Aircraft, awful and awesome:
Fisher XP-75 Eagle

Dr. Marshall Michel
86th Airlift Wing historian

***image1***If ever an aircraft was misnamed, it was the XP-75, which should have been called the “Turkey” instead of the “Eagle.” The XP-75 was the 1942 brain child of Don Berlin, the designer of the undistinguished Curtis P-40 of “Flying Tigers” fame. 

Berlin came up with the idea of saving aircraft production time by taking pieces and parts of several established aircraft – the wings of his own P-40, the tail of the Navy’s Dauntless dive bomber, and the landing gear of the F4U Corsair – and attaching them to a large fuselage carrying the biggest engine available, the 24-cylinder, 2600-hp Allison.

The engine was mounted mid-fuselage and had a long shaft linked to a reduction gearbox in the nose that drove two three-bladed counter-rotating propellers. It also carried the very heavy armament of 10 50-caliber machine guns, when most U.S. fighters had only six. Berlin, who was then working for the Fisher Body Division of General Motors, claimed that by using automobile-type mass production he could produce several hundred fighters a day. In October 1942, the USAF ordered two XP-75 prototypes.

As the air war over Europe developed, it became clear that the Air Force needed a long-range escort fighter to protect Eighth Air Force bombers raiding deep in Germany. Air Force chief Gen. “Hap” Arnold gave orders to develop such a fighter, and Maj. Gen. Oliver P. Echols, the head of the Materiel Command responsible for the development, procurement and supply of aircraft and aeronautical equipment for the Air Force, decided that the XP-75 was the answer.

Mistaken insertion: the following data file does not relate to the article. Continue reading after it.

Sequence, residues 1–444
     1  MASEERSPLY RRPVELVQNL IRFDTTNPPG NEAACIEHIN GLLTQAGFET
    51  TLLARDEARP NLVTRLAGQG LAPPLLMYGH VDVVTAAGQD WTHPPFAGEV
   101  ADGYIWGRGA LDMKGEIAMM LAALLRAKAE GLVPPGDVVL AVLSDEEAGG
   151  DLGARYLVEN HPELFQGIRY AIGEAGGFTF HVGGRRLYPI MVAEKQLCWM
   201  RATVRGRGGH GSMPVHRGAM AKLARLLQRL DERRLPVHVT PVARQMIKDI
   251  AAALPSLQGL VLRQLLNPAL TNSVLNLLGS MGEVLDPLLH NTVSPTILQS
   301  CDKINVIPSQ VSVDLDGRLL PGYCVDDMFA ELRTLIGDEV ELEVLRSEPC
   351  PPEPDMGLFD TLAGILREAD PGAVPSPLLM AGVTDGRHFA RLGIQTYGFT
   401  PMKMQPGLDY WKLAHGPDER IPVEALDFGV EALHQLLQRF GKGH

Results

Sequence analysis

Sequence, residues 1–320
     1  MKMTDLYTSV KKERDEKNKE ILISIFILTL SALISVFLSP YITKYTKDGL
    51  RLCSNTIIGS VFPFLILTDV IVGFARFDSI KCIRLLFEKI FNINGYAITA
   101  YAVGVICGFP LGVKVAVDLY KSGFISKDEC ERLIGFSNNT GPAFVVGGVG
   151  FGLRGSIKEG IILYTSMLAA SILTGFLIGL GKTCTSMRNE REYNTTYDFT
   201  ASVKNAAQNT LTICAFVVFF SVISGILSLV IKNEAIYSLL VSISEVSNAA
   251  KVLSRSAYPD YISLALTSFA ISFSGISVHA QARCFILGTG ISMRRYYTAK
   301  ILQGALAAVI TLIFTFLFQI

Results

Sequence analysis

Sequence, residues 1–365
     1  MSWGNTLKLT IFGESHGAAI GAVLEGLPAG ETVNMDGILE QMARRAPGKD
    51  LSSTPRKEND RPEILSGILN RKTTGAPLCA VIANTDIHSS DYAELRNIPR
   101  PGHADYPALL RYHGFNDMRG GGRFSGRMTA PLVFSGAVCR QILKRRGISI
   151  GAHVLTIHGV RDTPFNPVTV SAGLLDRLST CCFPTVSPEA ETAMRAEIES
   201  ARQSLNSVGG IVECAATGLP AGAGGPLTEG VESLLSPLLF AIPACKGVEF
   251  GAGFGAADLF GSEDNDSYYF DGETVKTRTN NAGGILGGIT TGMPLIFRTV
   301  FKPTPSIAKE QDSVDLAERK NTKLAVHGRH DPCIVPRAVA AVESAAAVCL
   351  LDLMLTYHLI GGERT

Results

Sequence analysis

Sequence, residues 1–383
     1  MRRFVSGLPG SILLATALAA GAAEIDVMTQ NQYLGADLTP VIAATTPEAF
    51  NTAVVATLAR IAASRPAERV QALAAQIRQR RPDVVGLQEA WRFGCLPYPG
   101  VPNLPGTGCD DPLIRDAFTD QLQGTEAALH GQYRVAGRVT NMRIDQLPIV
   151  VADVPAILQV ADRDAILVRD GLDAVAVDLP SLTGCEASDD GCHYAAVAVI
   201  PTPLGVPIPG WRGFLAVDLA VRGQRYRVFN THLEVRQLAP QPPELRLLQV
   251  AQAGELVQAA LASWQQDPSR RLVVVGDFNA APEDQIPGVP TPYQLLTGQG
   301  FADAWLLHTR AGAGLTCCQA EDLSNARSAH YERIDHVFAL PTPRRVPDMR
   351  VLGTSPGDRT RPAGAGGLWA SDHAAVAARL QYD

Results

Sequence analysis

The first XP-75 flew in November 1943, but its performance was completely inadequate (perhaps because its weight had grown from 12,000 to 18,000 pounds). It was alarmingly unstable because its center of gravity had been calculated incorrectly, and the torque from the huge Allison engine – also calculated incorrectly – reportedly tore one of the prototypes apart, even with the contra-rotating propellers. The idea of using parts from other aircraft was dropped and an entirely new aircraft developed, the XP-75A, but the program was finally cancelled in 1945.

The XP-75 has its own place in aviation history as a mainstay in books and articles that discuss the “world’s worst aircraft,” but there is a much more important and disturbing footnote.

For a variety of complex reasons, General Echols pushed the XP-75 and several other aircraft as long range fighters while strongly resisting first the development and later the deployment of the aircraft that many give credit to for winning the air war over Europe, the P-51 Mustang. But that’s a story for another day.